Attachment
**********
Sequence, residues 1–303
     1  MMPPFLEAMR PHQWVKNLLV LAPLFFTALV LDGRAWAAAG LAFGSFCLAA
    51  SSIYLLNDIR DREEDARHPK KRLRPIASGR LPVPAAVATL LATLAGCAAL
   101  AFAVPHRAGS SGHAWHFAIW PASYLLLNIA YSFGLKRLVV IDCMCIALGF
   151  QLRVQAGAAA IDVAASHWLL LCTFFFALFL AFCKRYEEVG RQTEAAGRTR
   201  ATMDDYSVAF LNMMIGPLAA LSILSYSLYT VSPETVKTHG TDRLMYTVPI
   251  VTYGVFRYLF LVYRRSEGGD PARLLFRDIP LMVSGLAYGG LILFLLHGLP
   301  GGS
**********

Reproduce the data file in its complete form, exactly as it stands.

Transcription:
Sequence, residues 1–303
     1  MMPPFLEAMR PHQWVKNLLV LAPLFFTALV LDGRAWAAAG LAFGSFCLAA
    51  SSIYLLNDIR DREEDARHPK KRLRPIASGR LPVPAAVATL LATLAGCAAL
   101  AFAVPHRAGS SGHAWHFAIW PASYLLLNIA YSFGLKRLVV IDCMCIALGF
   151  QLRVQAGAAA IDVAASHWLL LCTFFFALFL AFCKRYEEVG RQTEAAGRTR
   201  ATMDDYSVAF LNMMIGPLAA LSILSYSLYT VSPETVKTHG TDRLMYTVPI
   251  VTYGVFRYLF LVYRRSEGGD PARLLFRDIP LMVSGLAYGG LILFLLHGLP
   301  GGS